I guess my point is, because I’m feeling this ridiculous pressure to enter these calls for entry, that this year I’m not. I might enter a couple, and likely only if they’re free, because my money and time are far better spent getting out there in the real world. Attending workshops, teaching at workshops, meeting people in person, interacting with them on social media – as strange as that may sound I can’t tell you how many relationships I’ve built or maintained because of this. As an example, a couple years ago I was in Los Angeles, completely forgot to bring my tripod, yep that’s how much of an afterthought that thing is, but wanted to shoot from the Griffith Observatory that night. I had posted a photo from downtown LA that morning and jokingly said something about leaving my tripod in Chicago and a local photographer there said I could borrow his…how nice, right? We met up and we’ve remained friends through social media for the last 2 years. I could give so many more examples similar to this. As unreal as these social media friendships may seem they can and do connect people. So many great photographers I never would have known about had it not been for this. Spend your time building these connections and then find a way to meet up in person, you have no idea where it may lead…collaborations, connections to people that might actually hire you, who knows?! And spend your time shooting, be consistent, be intentional, make the time. These are the things that truly matter.
End of rant ;)



0 Responses

  1. AMEN!!! Well said, well put and something that resonates with so many of us! The relationships on Social Media are amazing and I can't imagine being in this field in a different time (I can because I've been shooting for ## years enough to know). So many friendships, so much encouragement and support just through those 'not in real life' connections which are indeed real life! Thank you for posting this. Do what you love and what makes you happy. it will show in your art!

  2. Angie...This post resonates with me so much! Thank you for putting into words something that has been on my mind so much this year. Yes, I totally agree with you! It's the getting out there, the interacting, the networking, the meeting people and connecting with them that makes all the difference. It's why I made the decision a year ago to pursue teaching in my photography. It absolutely electrifies me. You have to be true to yourself and, as you say, "shut out the noise" because there is a lot of it out there. Follow your heart and your passion and it comes back in spades. I've had so, so many people tell me that they love my classes because of the passion I have for my craft. People adore you, your classes always get stellar reviews at OOC. You are totally moving in the right direction and you have always been a huge inspiration for me! I would love to talk to you more about all this!

    1. Oh, thank you so much, Anne! I love you! This is all so true. I'm such a shy person and writing like this makes me so nervous and the decision to teach was so difficult because I am shy but it's one of the best decisions I've made. The people I've met the connections I've made are priceless and none of it would have happened had I not taken a chance or had Chris pushing me. I owe him so much! It's being excited and passionate that matters and what people connect with whether through how you teach or the images you create. I would love to talk to you about this anytime. I hope to see you soon!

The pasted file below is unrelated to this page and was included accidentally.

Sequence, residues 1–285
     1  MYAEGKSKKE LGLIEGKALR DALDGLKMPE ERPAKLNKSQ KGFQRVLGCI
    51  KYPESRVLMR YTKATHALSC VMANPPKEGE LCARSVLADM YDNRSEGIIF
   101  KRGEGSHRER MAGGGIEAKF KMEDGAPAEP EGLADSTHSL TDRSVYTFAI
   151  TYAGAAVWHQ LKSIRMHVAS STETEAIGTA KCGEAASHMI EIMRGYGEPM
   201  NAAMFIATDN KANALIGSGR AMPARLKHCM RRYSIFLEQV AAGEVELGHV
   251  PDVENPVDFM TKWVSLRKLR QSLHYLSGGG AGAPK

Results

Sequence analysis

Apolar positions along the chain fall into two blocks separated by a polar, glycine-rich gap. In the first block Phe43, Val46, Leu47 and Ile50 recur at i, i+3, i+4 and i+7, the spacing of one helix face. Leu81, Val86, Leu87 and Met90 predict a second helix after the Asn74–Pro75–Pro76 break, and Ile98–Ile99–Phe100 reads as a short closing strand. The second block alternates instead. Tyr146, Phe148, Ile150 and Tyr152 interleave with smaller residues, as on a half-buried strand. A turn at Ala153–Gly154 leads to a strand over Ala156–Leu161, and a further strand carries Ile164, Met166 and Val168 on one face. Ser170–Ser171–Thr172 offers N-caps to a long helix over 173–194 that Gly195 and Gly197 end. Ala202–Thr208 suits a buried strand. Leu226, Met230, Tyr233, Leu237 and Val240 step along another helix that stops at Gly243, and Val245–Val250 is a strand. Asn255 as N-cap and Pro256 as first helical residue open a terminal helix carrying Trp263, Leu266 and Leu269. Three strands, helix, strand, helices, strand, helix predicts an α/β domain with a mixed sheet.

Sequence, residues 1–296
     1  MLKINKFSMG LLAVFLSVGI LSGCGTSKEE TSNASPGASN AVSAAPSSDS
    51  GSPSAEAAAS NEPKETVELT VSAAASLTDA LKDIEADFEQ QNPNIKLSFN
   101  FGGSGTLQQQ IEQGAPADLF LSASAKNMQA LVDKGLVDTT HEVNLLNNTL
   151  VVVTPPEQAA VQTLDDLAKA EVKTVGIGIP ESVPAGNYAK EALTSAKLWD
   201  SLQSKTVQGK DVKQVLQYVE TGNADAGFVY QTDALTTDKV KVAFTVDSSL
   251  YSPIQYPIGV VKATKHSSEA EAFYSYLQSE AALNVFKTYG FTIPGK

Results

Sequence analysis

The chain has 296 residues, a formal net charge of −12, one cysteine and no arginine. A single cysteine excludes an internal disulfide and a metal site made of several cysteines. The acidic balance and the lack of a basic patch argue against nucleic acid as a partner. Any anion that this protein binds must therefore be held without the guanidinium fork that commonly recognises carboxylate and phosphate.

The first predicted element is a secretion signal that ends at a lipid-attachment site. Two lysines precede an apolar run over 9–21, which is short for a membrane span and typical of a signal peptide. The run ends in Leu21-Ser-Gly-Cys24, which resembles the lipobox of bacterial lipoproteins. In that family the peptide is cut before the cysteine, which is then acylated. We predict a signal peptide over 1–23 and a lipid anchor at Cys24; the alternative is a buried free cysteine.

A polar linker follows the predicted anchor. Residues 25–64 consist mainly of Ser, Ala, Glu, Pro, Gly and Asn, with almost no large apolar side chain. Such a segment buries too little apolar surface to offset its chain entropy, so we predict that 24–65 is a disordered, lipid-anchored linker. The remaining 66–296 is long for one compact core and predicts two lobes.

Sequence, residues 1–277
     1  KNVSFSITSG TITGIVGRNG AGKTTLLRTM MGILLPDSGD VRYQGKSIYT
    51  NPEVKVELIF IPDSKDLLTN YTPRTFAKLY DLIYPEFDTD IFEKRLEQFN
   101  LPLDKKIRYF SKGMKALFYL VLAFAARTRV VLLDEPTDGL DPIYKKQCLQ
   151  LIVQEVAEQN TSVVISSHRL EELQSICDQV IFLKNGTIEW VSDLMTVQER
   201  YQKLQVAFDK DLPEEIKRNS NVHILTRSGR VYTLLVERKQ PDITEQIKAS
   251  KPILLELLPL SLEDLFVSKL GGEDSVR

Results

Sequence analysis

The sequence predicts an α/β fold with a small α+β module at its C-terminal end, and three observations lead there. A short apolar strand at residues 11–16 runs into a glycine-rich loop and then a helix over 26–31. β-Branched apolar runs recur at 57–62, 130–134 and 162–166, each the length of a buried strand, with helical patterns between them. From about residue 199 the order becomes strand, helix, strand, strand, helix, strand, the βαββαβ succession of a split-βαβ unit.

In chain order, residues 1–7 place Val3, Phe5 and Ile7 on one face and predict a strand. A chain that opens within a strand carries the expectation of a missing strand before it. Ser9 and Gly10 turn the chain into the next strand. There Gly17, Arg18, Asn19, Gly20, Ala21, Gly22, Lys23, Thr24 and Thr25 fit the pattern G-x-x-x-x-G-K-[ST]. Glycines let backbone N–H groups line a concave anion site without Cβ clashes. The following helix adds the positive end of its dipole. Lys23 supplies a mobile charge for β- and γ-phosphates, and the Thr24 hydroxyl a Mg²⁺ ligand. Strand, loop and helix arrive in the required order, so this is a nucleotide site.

3. Photography and design is subjective, there's no getting around it and you cant take it personally. Just look at your instagram photos below - they rock!

    1. Very true, David! And, thank you :) I'm well beyond taking it personally anymore, though in the beginning I think it's very common.

  4. In my opinion, your assessment is positively "spot-on". In my opinion, one should take photographs for the JOY of taking photographs and as a means of self-expression. If you're doing it for the money or recognition, find something else to do. Besides... I'm my own worst critic. As always YMMV ;)

    1. Thank you, Rich! Completely agree, no one HAS to take photos so why add the pressure of pleasing others. I think we're all our own worst critics.

  5. I love you, too, Angie! :) I feel the same way and we've talked about it. I was very nervous about making that jump into teaching but Chris was so encouraging and I owe him so much. Once I did it a few times, I realized how much I loved it and loved the sharing and connecting with people. It just gets better and better. Aside from the craft itself and always carving out enough time to shoot (so important to me), it's the relationships that are the most important. One of the reasons I feel so blessed to be with OOC - it has expanded my world incredibly, and I think that's true not only for the staff and the instructors but the attendees, as well. We'll talk soon!

  6. Thanks Lauri for sharing this article! For someone who is still figuring out what I like to shoot and why, it is encouraging to read "trust your guts and time out the noise" :-)

  7. This blog is simply.... BAD ASS!!! Thank you for writing it up. I've gotten to the point where I will not fall prey to these money-suck of contests anymore. They are terrible, for the most part, all of them. I suppose there are 1 or 2 that may still be worthy, but I think I will forego ALL of them in 2017!!! Cheers, my friend. :)

    1. Thanks, Kevin! I hear ya! I entered 1 last year and actually regretted it...pointless and took so much time and money. Might enter one this year, it's free but that's it. I'm just over it.

  8. YES! YES!! YES!!!!! :)
    So many contests, especially local ones, are nothing but an affirmation process for the clique of people running the dad gum thing!
    Great Post from an amazing photographer!

    1. Exactly, I have a hard time giving critique as it's simply my opinion and I don't want to put my vision on someone else. If it's a technical question that's one thing or if they ask something specific about the image, wanting specific feedback that's one thing.

  9. Great rant! You touch so many aspects of the idea of photography and what it means to the creative soul. And the true wisdom is in the idea that networking and meeting people (on and off line) is the real reason to pursue this passion of ours. It always resonates with me when people are putting up work that is truly personal and they are passionate about it. Copying something is great way to learn, but at some point you just have to believe in your own vision and go with it. And when you do that, people notice it. Whether it is the most brilliant work doesn't matter, but because it is unique, it is worth something and it has a universal appeal.

    1. Thank you! Yes, all so very true. Early on emulating someone helps you learn but at a certain point you need to go your own way and find your own voice. Only then, do I feel, the work begins to resonate with others because it's something your passionate about.